As shown in the figure below, in the systemic circulation, the left atrium pumps oxygenated blood to the left ventricle, which pumps the blood directly into the aorta, the body’s largest artery. Major arteries branching off the aorta carry the blood to the head and upper extremities. The aorta continues down through the abdomen and carries blood to the abdomen and lower extremities. The blood then returns to the heart through the network of increasingly larger veins of the systemic circulation. All of the returning blood eventually collects in the superior vena cava (upper body) and inferior vena cava (lower body), which empty directly into the right atrium of the heart.
Blood is a fluid connective tissue that circulates throughout the body in blood vessels by the pumping action of the heart. Blood carries oxygen and nutrients to all the body’s cells, and it carries carbon dioxide and other wastes away from the cells to be excreted. Blood also transports many other substances, defends the body against infection, repairs body tissues, and controls the body’s pH, among other functions.
The fluid part of blood is called plasma. It is a yellowish, watery liquid that contains many dissolved substances and blood cells. Types of blood cells in plasma include red blood cells, white blood cells, and platelets, all of which are illustrated in the following photomicrograph and described below.
- Red blood cells have the main function of carrying oxygen in the blood. Red blood cells consist mostly of hemoglobin, a protein containing iron that binds with oxygen.
- White blood cells are far fewer in number than red blood cells. They defend the body in various ways. For example, white blood cells called phagocytes swallow and destroy pathogens, dead cells, and other debris in the blood.
- Platelets are cell fragments involved in blood clotting. They stick to tears in blood vessels and to each other, forming a plug at the site of injury. They also release chemicals that are needed for clotting to occur.
- The cardiovascular system is the organ system that transports materials to and from all the cells of the body. The main components of the cardiovascular system are the heart, blood vessels, and blood.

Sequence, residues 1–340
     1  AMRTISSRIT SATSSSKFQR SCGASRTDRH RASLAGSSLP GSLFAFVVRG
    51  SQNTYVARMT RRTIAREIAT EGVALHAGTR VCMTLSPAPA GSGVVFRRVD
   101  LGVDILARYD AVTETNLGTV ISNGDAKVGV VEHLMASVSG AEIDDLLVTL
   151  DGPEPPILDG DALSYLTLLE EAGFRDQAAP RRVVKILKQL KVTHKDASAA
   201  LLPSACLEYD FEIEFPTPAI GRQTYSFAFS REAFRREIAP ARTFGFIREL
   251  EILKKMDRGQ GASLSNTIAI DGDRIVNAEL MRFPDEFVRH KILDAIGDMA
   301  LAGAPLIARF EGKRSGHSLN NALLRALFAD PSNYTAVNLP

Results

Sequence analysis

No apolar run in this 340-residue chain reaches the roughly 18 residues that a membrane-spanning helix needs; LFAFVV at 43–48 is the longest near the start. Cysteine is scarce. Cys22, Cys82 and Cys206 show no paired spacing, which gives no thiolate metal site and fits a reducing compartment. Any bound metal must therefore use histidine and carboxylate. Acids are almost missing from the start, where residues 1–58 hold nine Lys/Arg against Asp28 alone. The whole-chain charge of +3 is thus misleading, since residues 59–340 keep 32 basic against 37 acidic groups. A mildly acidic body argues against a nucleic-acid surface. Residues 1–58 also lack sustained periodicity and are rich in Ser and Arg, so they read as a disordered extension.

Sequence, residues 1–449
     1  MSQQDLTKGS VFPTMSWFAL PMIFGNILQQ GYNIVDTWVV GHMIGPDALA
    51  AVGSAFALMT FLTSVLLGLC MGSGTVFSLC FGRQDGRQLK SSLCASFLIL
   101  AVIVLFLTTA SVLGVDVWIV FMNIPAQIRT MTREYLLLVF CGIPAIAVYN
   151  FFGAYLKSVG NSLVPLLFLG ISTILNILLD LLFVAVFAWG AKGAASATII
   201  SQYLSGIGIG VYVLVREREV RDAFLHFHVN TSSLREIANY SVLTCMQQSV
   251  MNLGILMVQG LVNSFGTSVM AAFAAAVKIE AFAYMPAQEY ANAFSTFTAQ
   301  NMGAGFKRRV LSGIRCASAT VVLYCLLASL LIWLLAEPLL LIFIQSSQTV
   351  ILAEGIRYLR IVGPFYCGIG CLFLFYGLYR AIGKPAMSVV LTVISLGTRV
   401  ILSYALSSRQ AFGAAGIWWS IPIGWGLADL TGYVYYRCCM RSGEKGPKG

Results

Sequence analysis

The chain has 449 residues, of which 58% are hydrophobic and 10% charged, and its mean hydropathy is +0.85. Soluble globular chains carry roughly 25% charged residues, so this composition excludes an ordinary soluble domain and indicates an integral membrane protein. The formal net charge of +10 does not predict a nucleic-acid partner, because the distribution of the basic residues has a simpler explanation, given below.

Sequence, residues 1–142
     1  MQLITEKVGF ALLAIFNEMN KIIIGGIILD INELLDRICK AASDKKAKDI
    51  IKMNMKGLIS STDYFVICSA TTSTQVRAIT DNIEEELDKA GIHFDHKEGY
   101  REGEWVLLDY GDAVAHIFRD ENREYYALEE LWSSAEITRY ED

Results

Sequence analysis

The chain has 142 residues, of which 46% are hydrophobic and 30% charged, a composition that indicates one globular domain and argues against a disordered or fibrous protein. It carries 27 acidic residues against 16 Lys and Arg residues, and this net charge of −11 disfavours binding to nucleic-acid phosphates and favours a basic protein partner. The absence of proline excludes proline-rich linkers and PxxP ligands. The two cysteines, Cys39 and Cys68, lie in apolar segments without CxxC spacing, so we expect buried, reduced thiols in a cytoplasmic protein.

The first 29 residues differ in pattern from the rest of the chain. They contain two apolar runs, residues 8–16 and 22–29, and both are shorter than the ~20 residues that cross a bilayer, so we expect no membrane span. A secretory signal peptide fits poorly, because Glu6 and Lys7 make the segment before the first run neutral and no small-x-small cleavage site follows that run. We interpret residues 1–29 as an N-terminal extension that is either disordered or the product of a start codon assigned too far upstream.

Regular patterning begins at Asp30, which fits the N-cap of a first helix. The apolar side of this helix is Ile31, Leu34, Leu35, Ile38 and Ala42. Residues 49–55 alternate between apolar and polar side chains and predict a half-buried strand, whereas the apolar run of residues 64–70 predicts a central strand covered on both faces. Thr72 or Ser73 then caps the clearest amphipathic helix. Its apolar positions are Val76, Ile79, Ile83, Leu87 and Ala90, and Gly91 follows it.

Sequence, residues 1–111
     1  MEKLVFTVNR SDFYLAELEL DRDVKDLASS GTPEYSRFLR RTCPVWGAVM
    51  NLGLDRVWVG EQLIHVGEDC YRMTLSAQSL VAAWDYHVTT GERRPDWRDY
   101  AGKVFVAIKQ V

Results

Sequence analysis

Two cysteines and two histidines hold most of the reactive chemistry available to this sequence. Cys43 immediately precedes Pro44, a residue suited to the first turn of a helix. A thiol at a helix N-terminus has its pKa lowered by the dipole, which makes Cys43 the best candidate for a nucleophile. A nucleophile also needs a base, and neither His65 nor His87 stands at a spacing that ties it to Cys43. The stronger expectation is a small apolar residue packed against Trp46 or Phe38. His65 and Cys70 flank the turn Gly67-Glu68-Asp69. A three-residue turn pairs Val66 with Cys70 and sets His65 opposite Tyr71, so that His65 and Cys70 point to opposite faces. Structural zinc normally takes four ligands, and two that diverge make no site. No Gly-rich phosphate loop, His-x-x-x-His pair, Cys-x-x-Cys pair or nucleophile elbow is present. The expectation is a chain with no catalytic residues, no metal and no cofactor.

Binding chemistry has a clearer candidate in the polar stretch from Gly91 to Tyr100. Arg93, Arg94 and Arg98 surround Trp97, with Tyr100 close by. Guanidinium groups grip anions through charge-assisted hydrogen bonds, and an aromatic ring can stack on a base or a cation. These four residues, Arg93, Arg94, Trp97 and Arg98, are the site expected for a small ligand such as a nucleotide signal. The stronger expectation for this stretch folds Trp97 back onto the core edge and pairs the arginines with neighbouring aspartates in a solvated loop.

- The heart is a muscular organ in the chest that consists mainly of cardiac muscle and pumps blood through blood vessels by repeated, rhythmic contractions. The heart has four chambers through which blood flows and valves that keep blood flowing in just one direction.
- Blood vessels carry blood throughout the body. Major types of blood vessels are arteries, which mainly carry blood away from the heart; veins, which carry blood toward the heart; and capillaries, which exchange substances between the blood and cells of the body.
- The cardiovascular system has two interconnected circulations. The pulmonary circulation carries blood between the heart and lungs, where blood is oxygenated. The systemic circulation carries blood between the heart and the rest of the body, where it delivers oxygen.
- Blood is a fluid connective tissue that circulates throughout the body in blood vessels. It consists of a liquid part, called plasma, which contains many dissolved substances; and cells, including red blood cells, white blood cells, and platelets.
- What is the cardiovascular system? What are its main components?
- Describe the heart and how it functions.
- List the three major types of blood vessels and their basic functions.
- Compare and contrast the pulmonary and systemic circulations.
- What is blood? What are its chief constituents?
- True or False. The circulatory system brings blood to and from the body, while the cardiovascular system brings blood to and from the lungs only.
- True or False. Arteries carry mainly oxygenated blood.
- Name three different types of substances that are transported by the cardiovascular system.
- Describe where and how the pulmonary and systemic circulation systems meet.
- Which of the following carries blood to the lungs? Choose all that apply.
A. Left pulmonary artery
B. Left pulmonary vein
C. Right pulmonary artery
D. Right pulmonary vein
Put the following structures in order of how blood flows from the heart out to the body and back again.
capillaries; venules; aorta; veins; arteries
Explain why the heart and lungs need blood from the systemic circulation.
Choose one. Blood vessels carrying deoxygenated blood from the body back to the heart get increasingly (larger/smaller).
Blood becomes oxygenated in the lungs through gas exchange into:
Which type of blood cell carries oxygen?
Watch this fun and fast-paced CrashCourse video to explore how the cardiovascular and respiratory systems work together to deliver oxygen and remove carbon dioxide from cells.
Check out this video to learn more about how the heart pumps blood: